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I'm new to verilog HDL and my first project is to implement a simple stopwatch counter using a set of registers. I'm using Altera Quartus.

When I tried compiling the code below, I keep getting an error for each and everyone of the registers. one of the error messages looks like this:

Error (10028): Can't resolve multiple constant drivers for net "sec0[3]" at test_interface.v(127)

Anyone can help? The code simulates fine in Modelsim.

Here's the fragment of code that's causing problems:

always @ (posedge clk)

  if (qsoutput == 1)
      sec0 = sec0 + 1;
  else if (sec0 == 4'b1010) begin
      sec1 = sec1 + 1;
      sec0 = 4'b0000;
  end else if (sec1 == 4'b0110) begin
      min0 = min0 + 1;
      sec1 = 4'b0000;
  end else if (min0 == 4'b1010) begin
      min1 = min1 + 1;
      min0 = 4'b0000;     
  end else if (min1 == 4'b0110) begin
      sec0 = 4'b0000;
      sec1 = 4'b0000;
      min0 = 4'b0000;
      min1 = 4'b0000;
share|improve this question
I don't really see anything wrong with just that segment of code. Could you post the entirety of 'test_interface.v', while making a note about which is line 127? Can you also post the entire list of compile errors? – Tim Aug 22 '13 at 16:10
Actually i'm getting multiple errors for each line of code, not just 127. it goes on like this: Error (10028): Can't resolve multiple constant drivers for net "sec0[3]" at test_interface.v -- Error (10028): Can't resolve multiple constant drivers for net "sec1[3]" at test_interface.v etc etc – user2707696 Aug 22 '13 at 16:17
Understood, but we need more information from you. Please post the two things that I requested if you want me to look further. You may select edit to add them to the bottom of your post. – Tim Aug 22 '13 at 16:19
here's a link to the code: link I'm sorry it's my first time using this website and I'm having problems to format the code here itself! – user2707696 Aug 22 '13 at 16:27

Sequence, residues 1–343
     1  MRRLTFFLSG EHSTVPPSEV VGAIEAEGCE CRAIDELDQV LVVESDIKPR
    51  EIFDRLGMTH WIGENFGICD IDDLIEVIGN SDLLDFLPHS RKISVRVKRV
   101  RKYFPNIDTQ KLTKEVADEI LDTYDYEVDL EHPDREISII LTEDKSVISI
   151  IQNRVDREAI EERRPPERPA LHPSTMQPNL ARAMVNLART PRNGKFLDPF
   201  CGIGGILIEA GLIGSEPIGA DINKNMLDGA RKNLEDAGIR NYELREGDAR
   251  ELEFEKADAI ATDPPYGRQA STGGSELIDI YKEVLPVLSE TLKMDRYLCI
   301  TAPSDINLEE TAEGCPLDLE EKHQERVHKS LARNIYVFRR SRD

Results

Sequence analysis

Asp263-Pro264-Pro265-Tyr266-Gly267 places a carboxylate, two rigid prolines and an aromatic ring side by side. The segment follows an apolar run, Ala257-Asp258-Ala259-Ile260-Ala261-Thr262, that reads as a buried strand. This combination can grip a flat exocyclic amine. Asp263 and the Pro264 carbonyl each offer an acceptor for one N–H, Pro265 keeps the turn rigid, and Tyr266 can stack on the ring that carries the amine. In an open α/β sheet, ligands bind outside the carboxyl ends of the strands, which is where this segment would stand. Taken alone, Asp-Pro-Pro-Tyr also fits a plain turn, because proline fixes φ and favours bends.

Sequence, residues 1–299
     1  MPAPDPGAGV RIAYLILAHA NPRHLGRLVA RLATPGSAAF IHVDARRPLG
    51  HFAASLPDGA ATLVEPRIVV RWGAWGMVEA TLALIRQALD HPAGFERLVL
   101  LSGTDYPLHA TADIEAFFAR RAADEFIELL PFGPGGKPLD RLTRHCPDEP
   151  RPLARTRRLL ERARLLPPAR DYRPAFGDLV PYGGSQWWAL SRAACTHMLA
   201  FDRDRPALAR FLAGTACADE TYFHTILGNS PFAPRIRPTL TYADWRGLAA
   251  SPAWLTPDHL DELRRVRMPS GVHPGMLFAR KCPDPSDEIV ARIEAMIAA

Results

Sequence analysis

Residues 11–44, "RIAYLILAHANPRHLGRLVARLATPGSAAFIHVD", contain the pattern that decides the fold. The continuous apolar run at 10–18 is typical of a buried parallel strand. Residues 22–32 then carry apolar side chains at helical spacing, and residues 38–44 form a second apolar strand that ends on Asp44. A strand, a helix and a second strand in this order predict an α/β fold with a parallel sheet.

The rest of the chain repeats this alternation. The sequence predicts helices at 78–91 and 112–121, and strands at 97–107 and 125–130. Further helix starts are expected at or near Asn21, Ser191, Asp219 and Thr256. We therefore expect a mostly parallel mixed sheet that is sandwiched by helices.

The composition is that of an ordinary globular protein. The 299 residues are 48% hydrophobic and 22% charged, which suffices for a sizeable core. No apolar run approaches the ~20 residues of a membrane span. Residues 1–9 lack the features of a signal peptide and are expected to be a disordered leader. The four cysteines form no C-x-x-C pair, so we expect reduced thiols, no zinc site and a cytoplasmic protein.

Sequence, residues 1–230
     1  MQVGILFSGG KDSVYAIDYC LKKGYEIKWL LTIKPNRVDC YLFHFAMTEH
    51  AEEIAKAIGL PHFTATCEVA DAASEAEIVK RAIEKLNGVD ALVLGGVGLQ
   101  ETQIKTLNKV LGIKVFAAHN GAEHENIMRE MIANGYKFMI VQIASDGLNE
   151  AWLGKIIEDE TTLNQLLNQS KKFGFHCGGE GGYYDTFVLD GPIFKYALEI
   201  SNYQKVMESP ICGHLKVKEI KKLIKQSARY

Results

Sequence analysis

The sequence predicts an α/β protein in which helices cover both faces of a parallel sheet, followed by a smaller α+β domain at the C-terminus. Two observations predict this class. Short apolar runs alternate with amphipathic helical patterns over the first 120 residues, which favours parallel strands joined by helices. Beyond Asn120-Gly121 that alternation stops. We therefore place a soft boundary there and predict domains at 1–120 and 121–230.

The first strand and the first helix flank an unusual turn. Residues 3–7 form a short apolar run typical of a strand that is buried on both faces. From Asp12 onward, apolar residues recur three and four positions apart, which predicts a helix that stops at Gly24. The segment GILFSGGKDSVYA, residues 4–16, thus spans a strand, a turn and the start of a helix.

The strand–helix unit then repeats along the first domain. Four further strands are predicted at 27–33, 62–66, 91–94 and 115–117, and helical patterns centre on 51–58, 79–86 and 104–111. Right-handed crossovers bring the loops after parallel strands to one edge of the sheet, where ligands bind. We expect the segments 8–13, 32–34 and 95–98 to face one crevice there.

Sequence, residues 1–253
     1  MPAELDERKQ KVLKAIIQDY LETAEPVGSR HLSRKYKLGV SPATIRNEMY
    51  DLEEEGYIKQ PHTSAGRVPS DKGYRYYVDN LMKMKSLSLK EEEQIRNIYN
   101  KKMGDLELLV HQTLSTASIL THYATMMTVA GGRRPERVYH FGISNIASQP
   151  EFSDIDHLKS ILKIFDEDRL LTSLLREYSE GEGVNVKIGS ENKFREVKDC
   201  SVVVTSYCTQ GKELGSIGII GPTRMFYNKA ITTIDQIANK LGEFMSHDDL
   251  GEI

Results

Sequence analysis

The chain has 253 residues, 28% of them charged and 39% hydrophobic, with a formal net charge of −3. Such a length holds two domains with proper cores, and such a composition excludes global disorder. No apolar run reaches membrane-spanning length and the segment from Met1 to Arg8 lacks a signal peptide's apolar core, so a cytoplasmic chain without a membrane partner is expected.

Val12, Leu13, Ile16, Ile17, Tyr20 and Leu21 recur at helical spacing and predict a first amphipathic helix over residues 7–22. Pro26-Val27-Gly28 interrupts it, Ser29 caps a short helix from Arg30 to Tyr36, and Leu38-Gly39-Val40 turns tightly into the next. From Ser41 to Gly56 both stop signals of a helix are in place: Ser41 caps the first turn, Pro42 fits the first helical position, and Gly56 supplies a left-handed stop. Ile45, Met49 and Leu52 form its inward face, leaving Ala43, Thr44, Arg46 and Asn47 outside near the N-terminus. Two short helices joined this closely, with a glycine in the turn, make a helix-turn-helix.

Not a problem, welcome. If you want to paste code in, just copy a large block, paste it into the editor, select the entire block of text that represents your code, and press Ctrl-K or click on the curly braces in the editor bar. That should format it nicely as a code sample. – Tim Aug 22 '13 at 16:36
up vote 2 down vote accepted

Based on your code in Dropbox, you are assigning registers in multiple always blocks. This is illegal for synthesis and cosponsors to the Altera Quartus error message is referring to. A reg type should only be assigned with in one always block.

As an example, sec0 is defined in always @(posedge reset_reg) and the code provided in your question. The code in Dropbox is even worse because you split the counter logic into 4 separate always blocks that assign sec0.

I suggest you put all sec* and min* resisters one clock synchronous always block with an asynchronous:

always(@posedge clk or posedge reset_reg)
    // ... asynchronous reset code ...
    // ... synchronous counter code ...

This paper goes into detail about good verilog coding practices for synthesis:

Other issues you will have:

  • Use non-blocking (<=) when assigning registers. This is discussed in Cliff's paper mentioned earlier.
  • Get rid of the initial block. I understand some FPGA synthesizers allow it and some ignore it. It is a better practice to have an asynchronous to put everything into a known and predictable value.
  • The block starting with always @ (clk or start_reg or lap_reg or reset_reg) has a bizarre sensitivity list and will likely give you problems. you wither want @(*) if you want combination logic or @(posedge clk or posedge reset_reg) for synchronous flops.
  • Very rarely dual edge flops are used. The line always @ (posedge clk or negedge clk) should be always @ (posedge clk) for synchronous or always @(*) for combination logic.
share|improve this answer
thank you for all these valuable info! – user2707696 Aug 22 '13 at 18:45
@user2707696 Please accept this answer if this answer has fulfilled your question. It will help other know you are not looking for more solutions. Add a comment if something from the answer is incomplete or unclear. – Greg Aug 22 '13 at 21:10

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